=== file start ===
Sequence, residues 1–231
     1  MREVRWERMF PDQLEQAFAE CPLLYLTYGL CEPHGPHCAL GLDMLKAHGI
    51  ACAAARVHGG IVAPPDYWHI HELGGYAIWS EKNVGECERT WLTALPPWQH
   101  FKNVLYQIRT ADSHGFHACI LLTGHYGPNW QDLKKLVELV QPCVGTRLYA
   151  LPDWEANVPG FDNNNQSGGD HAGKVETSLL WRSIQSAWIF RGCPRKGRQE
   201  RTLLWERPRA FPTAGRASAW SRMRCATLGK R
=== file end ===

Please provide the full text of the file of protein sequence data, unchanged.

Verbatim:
Sequence, residues 1–231
     1  MREVRWERMF PDQLEQAFAE CPLLYLTYGL CEPHGPHCAL GLDMLKAHGI
    51  ACAAARVHGG IVAPPDYWHI HELGGYAIWS EKNVGECERT WLTALPPWQH
   101  FKNVLYQIRT ADSHGFHACI LLTGHYGPNW QDLKKLVELV QPCVGTRLYA
   151  LPDWEANVPG FDNNNQSGGD HAGKVETSLL WRSIQSAWIF RGCPRKGRQE
   201  RTLLWERPRA FPTAGRASAW SRMRCATLGK R